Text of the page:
Golf a Family Passion
With Mothersâ€™ Day and Fathersâ€™ Day coming up, and with International Womenâ€™s Day just past, the spring season affords many opportunities for parents and children to play together, which at times can be the most important reason for the gameâ€™s existence. Throughout history, family relationships have been forged, strengthened, healed and celebrated on the golf course, in ways that only each individual participant could express. Golf is the perfect mixture of nature, a precious patch of free time and a specific brand of intimacy that allows humanity to flourish uninterrupted, outside of a water hazard or two, perhaps.
Curious about golf as a celebration of family relationships, I wonâ€™t say that I was shocked to find that so much is going on, but I was certainly pleased. From the Womenâ€™s Metropolitan Golf Association of New Jersey to the Castle Golf Club in Dublin (with the backdrop of a Norman Castle and the Dublin Mountains) and the LPGAâ€™s Mother/Daughter Day in Coronado, events that bring women and their daughters together for a day or more are being played absolutely everywhere. Imbue the work week with all the nobility weâ€™d like, but I believe that these times together are central to what humans were intended to do all along â€“ our truly important work.
It works for mothers and sons as well. While we played at every available opportunity, the game daunted my mother, who held back at first. Finally, she decided that she was going to have to give it a go, so the two of us sneaked over to the local course incognito. Golf treated her like it treats everyone for two or three holes, but some switch got thrown on the fourth tee, and she suddenly grasped it as someone would much farther down the line. Â I was hopelessly impressed, but she didnâ€™t see it. At the end of the day, she felt lucky to get off the course and home without being recognized, while I would have thrown her a ticker-tape parade. I could not for the life of me explain to her that sheâ€™d come in at ten or twelve strokes under a normal first roundâ€¦ah, well. Fortunately for us, she tried it again later, and we all had a lot of special time together through the years.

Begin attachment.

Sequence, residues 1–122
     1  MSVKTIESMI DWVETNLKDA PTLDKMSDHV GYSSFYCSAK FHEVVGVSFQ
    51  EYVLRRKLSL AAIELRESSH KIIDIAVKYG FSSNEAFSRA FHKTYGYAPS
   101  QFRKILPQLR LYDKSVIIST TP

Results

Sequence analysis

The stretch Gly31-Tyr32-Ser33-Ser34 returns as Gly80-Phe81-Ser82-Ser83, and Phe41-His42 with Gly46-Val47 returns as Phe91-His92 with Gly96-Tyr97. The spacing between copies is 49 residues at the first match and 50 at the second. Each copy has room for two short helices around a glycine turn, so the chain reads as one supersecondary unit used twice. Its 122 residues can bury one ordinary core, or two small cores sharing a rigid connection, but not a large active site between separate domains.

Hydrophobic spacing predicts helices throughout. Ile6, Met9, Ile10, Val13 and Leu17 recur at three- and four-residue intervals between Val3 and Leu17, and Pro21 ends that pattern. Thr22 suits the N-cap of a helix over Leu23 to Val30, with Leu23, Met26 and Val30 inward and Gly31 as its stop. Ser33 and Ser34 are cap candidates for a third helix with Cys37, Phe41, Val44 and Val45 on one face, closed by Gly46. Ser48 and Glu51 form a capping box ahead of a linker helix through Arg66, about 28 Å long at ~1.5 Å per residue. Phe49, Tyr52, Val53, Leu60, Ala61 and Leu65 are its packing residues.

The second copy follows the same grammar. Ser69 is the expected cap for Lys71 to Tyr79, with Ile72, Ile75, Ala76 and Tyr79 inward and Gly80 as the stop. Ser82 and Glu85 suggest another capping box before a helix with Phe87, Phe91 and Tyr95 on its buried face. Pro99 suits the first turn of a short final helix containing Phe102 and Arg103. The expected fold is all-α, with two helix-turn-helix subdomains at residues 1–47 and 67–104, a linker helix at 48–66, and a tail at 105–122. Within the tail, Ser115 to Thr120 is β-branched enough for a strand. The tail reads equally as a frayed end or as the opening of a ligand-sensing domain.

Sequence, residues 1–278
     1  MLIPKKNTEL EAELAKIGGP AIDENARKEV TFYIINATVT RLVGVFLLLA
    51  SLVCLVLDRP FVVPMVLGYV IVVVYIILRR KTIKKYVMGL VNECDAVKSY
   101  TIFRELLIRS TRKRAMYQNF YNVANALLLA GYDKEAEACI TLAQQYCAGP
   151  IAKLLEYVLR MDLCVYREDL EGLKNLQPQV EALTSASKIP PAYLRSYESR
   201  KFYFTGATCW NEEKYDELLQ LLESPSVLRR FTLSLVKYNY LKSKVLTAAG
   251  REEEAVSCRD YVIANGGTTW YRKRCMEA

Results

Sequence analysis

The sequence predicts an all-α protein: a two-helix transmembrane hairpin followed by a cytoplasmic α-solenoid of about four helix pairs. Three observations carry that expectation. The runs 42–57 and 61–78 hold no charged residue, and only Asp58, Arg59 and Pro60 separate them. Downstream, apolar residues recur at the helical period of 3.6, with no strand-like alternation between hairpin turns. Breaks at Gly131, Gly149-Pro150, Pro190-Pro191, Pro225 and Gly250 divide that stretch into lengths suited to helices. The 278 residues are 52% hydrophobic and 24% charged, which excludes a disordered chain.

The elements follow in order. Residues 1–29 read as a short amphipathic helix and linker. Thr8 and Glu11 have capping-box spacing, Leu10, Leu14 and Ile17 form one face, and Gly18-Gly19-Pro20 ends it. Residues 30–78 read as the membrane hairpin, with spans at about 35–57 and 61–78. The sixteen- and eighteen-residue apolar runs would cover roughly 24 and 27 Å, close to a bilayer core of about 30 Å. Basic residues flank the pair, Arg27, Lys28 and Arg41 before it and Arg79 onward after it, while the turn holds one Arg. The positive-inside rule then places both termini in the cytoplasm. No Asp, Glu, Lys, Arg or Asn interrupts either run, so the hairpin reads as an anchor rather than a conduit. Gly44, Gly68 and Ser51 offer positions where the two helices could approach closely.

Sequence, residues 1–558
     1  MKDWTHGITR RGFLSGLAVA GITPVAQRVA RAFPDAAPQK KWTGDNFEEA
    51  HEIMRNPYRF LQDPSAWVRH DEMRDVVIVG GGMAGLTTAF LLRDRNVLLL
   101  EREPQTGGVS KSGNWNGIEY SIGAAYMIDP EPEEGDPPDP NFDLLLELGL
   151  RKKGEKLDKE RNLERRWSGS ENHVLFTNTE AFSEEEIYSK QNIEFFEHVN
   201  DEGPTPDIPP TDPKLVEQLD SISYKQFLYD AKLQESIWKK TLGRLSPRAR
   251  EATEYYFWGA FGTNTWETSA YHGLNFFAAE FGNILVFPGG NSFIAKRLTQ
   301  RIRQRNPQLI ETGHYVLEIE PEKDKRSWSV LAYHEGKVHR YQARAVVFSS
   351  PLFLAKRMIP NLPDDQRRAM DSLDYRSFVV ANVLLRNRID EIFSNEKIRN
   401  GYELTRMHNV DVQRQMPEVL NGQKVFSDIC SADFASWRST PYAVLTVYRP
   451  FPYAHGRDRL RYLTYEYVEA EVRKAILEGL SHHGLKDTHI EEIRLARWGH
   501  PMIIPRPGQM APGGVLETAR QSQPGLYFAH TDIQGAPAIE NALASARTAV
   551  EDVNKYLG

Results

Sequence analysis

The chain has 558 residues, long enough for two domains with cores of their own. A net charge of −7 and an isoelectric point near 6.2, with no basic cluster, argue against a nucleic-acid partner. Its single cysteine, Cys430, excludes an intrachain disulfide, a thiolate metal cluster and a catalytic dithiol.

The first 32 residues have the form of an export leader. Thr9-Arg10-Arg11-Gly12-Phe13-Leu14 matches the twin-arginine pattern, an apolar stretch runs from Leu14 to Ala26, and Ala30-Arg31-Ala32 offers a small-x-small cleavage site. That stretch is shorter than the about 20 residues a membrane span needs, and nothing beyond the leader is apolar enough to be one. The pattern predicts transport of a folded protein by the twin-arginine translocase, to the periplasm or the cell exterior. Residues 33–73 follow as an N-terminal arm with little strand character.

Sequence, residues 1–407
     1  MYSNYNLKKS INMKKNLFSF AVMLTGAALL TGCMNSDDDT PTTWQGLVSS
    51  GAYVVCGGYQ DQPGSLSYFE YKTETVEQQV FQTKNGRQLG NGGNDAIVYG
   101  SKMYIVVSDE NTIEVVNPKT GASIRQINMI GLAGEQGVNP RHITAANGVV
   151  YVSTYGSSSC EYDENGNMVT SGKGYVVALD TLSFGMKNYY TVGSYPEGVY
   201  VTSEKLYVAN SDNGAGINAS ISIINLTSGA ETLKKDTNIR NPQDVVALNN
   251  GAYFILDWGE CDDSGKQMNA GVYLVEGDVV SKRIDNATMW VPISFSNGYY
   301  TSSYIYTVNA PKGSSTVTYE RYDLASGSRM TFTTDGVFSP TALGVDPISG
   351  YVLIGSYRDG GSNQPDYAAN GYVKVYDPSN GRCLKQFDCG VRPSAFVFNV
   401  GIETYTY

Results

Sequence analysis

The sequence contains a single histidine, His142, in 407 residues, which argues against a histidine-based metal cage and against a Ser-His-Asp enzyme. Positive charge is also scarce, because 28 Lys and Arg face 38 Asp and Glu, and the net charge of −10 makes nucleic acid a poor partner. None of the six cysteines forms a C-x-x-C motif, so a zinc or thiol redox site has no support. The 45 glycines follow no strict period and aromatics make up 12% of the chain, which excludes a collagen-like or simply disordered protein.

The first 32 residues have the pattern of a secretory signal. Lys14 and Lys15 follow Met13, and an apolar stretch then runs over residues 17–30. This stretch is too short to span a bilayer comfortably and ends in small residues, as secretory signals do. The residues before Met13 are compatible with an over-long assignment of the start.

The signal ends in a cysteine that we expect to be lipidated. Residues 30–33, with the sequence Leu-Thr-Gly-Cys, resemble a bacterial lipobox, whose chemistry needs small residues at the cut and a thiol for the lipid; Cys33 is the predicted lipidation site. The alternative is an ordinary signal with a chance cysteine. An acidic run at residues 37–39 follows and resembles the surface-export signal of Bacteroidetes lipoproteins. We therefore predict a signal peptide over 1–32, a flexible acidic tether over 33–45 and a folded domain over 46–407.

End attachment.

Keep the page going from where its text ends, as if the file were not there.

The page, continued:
I was fascinated by a recent article about a gypsy and his son overcoming local prejudice and entering (and winning) the European Father & Son Golf Championship.Â Gypsy Joe Smith, a former bareknuckle fighter, and his son, Rymer, walked away with more than a trophy. That tournament is coming around again this July, and has taken on enormous popularity. The article reminded me that golf has been, more than once, a stage for triumph over separateness and fear.
As it did for the women, my search for other Father/Son events was gratifying, including the Father & Son Team Classic in Myrtle Beach, South Carolina, played at Barefoot Golf Resort, MBN South Creek (a Palmer design) and the Resort Course of Grande Dunes. Understandably, the menâ€™s events are couched in a somewhat more competitive spirit, where the womenâ€™s are more collaborative, but it doesnâ€™t matter. Families are coming together to play, in a place without offices or homework.
Even more than with my mother, being immersed in nature created a haven for fathers and sons, a place where man and boy things (and later, boy/girl things â€“ argh) could be discussed. Surrounded by the silence and walking through idyllic scenes, such life-altering discussions might not have received their due anywhere else, and are kept as some of my most important memories. I suspect that many would second that.
As these holidays approach, I am struck by the endless human possibilities that can unfold on a golf course. Iâ€™m also reminded of what a superior experience it is to other â€œthingsâ€ we could be doing, things that donâ€™t include each other in this ideal way. I am reminded, above all, to re-prioritize â€“ family first.